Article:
This article is from the April 2006 The Mexico File
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by Lisa Coleman
Lisa Coleman is a Pluma de Plata winner and has been freelance writing in Mexico for more than twelve years.
Resting atop an enormous dry lakebed in a highland basin, Mexico City stands tall in historic grandeur. At an altitude of 7,400 feet, it’s the highest city in North America. In the 16th century, this same area was known as Tenochtitlán, capital of the Aztec empire. The Aztecan kings and social elite struggled with winter’s chill and searched the lower regions of the countryside for a sanctuary, a magical retreat beyond the mountains with ideal weather and lush landscape filled with flora and fauna. About 50 miles south of the capital, they found their perennial paradise. They discovered Cuernavaca.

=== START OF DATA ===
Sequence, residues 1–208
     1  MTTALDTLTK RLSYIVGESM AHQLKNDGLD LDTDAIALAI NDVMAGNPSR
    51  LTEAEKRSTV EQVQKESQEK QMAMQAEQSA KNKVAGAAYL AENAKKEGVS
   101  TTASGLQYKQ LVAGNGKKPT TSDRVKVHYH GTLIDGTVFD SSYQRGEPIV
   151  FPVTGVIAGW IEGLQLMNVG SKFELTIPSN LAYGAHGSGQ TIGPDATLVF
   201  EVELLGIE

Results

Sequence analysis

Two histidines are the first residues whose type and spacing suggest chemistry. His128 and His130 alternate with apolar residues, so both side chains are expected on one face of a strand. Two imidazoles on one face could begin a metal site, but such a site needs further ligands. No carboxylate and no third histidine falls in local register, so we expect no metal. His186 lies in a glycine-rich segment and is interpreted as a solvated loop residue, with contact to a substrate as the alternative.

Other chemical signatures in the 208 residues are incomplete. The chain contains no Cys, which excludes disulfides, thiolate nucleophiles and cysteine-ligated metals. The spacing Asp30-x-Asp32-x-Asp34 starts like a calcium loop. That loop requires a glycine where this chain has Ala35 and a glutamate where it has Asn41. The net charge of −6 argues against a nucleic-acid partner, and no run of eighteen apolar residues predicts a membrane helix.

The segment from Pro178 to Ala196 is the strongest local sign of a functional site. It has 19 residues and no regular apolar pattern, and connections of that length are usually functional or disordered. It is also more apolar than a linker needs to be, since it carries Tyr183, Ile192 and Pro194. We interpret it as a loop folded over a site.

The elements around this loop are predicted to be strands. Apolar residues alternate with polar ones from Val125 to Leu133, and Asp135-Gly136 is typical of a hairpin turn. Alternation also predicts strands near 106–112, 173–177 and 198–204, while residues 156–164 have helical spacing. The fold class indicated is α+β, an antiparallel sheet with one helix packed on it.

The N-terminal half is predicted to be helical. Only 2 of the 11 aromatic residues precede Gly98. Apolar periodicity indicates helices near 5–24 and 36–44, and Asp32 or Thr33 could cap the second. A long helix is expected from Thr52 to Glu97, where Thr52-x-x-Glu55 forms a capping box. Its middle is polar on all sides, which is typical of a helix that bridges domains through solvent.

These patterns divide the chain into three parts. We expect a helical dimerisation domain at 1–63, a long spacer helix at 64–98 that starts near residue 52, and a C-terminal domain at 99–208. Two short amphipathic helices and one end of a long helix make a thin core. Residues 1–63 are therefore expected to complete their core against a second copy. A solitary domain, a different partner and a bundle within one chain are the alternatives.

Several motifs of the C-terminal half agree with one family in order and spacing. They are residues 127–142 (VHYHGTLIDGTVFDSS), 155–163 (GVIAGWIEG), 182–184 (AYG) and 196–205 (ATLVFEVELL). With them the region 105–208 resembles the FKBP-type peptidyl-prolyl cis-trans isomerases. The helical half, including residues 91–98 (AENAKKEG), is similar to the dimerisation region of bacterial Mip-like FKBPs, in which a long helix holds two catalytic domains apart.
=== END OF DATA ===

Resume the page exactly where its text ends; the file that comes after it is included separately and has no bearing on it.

The Aztec name, Cuauhnahuac, is said to have meant “place of great trees.” Legend has it that when Hernan Cortes and the Spanish arrived in 1521, they loosely translated what they heard to be “Cuerno de Vaca” (horn of a cow), and hence the name Cuernavaca. As Cortes and his men conquered the Aztec empire, they quickly realized the incomparable natural resources and possibilities of this popular hideaway. Cortes himself built a palace in the city center and it has been a known as a prominent getaway ever since.